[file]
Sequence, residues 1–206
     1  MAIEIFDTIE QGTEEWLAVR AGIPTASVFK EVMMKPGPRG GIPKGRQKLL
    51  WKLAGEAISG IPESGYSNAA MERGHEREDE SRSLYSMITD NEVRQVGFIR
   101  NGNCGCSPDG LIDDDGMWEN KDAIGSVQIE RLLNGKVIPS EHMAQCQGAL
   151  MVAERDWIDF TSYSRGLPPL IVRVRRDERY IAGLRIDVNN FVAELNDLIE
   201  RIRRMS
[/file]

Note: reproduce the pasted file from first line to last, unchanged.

Sequence, residues 1–206
     1  MAIEIFDTIE QGTEEWLAVR AGIPTASVFK EVMMKPGPRG GIPKGRQKLL
    51  WKLAGEAISG IPESGYSNAA MERGHEREDE SRSLYSMITD NEVRQVGFIR
   101  NGNCGCSPDG LIDDDGMWEN KDAIGSVQIE RLLNGKVIPS EHMAQCQGAL
   151  MVAERDWIDF TSYSRGLPPL IVRVRRDERY IAGLRIDVNN FVAELNDLIE
   201  RIRRMS